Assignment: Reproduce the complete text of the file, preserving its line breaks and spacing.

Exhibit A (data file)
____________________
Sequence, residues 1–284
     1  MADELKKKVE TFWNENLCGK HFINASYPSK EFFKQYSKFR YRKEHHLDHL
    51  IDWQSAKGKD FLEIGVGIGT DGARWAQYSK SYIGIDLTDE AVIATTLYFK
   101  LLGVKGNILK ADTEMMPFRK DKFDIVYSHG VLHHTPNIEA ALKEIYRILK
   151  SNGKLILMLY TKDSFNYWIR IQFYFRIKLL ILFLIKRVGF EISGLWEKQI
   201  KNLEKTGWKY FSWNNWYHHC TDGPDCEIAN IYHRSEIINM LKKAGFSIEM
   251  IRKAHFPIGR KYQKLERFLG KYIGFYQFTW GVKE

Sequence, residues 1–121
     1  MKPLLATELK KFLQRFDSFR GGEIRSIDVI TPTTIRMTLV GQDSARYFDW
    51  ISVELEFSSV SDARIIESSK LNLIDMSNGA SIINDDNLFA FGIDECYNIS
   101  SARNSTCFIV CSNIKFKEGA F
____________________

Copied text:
Sequence, residues 1–284
     1  MADELKKKVE TFWNENLCGK HFINASYPSK EFFKQYSKFR YRKEHHLDHL
    51  IDWQSAKGKD FLEIGVGIGT DGARWAQYSK SYIGIDLTDE AVIATTLYFK
   101  LLGVKGNILK ADTEMMPFRK DKFDIVYSHG VLHHTPNIEA ALKEIYRILK
   151  SNGKLILMLY TKDSFNYWIR IQFYFRIKLL ILFLIKRVGF EISGLWEKQI
   201  KNLEKTGWKY FSWNNWYHHC TDGPDCEIAN IYHRSEIINM LKKAGFSIEM
   251  IRKAHFPIGR KYQKLERFLG KYIGFYQFTW GVKE

Sequence, residues 1–121
     1  MKPLLATELK KFLQRFDSFR GGEIRSIDVI TPTTIRMTLV GQDSARYFDW
    51  ISVELEFSSV SDARIIESSK LNLIDMSNGA SIINDDNLFA FGIDECYNIS
   101  SARNSTCFIV CSNIKFKEGA F